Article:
Apprendre à lire enfin

This summer, before I holed up in Evergreen to read everything I wanted to before starting this French Canon Reading List, I spent two days in Corrèze at Daniel Martin's summer home. He reads for a living - how? - he has to - no romanticism - it is, in the end, a job. Reading books you hate, boring books, revolting books, unoriginal books, books that are okay, that you forget about, that you have to force yourself to finish. It wouldn't be a profession if it were always only about loving what you read.

So I started thinking about the Reading List ahead of me like I was gearing up for war. Hack through the bad books, take the good ones as prisoners for future reference and research. Acquire the bases of the academic profession as a (mostly) unenjoyable mission. Leave passion aside, think about work. In a bad way.

Before I went under, while I was still up in the mountains in Colorado, I read everything I wanted to. Or, I read only what I wanted to. And quickly. Not pausing with an academic eye, but trying to rediscover a childlike pleasure to reading (more on that later).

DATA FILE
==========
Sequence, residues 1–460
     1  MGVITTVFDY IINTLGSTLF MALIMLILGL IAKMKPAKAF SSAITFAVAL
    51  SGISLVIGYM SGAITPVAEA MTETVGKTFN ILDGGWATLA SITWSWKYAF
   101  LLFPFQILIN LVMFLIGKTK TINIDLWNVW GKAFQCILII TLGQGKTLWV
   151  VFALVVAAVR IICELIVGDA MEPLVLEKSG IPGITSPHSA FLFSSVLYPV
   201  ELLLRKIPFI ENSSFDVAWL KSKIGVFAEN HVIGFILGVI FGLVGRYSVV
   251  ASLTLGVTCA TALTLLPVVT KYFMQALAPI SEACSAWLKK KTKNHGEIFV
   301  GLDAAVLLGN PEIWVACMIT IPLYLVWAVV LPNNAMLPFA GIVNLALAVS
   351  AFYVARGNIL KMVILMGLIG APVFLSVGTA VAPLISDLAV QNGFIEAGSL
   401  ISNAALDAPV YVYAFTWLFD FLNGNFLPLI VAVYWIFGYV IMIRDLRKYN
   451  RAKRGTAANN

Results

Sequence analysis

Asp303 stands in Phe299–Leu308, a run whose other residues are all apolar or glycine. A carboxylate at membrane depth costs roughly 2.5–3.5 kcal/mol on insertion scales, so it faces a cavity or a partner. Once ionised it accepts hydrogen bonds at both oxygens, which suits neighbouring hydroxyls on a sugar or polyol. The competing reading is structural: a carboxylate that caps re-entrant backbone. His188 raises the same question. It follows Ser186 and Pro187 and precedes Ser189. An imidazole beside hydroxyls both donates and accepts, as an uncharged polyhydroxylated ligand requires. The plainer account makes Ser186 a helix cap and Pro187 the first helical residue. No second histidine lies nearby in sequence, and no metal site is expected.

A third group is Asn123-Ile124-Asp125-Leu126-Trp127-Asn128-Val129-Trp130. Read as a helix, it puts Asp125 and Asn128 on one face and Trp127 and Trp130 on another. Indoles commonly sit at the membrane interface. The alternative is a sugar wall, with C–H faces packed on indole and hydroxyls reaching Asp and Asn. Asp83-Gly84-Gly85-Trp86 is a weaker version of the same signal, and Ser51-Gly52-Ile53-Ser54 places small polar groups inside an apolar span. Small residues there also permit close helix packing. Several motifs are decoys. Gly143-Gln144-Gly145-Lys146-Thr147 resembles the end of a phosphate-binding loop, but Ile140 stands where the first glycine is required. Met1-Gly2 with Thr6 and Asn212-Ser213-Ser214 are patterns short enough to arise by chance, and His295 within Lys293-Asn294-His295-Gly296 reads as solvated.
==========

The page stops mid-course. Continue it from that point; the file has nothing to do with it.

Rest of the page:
I'm a month into the Reading List. There are so many questions. How to read canonical literature? What is the use of canonical literature? I am resistant to the idea of a literary canon, and almost daily have to remind myself that reading these works is necessary - if not only as an academic requirement for my PhD - then also as a source for deepening future research.

To come: Jacques Derrida, and the Reading List posted somewhere on this blog.

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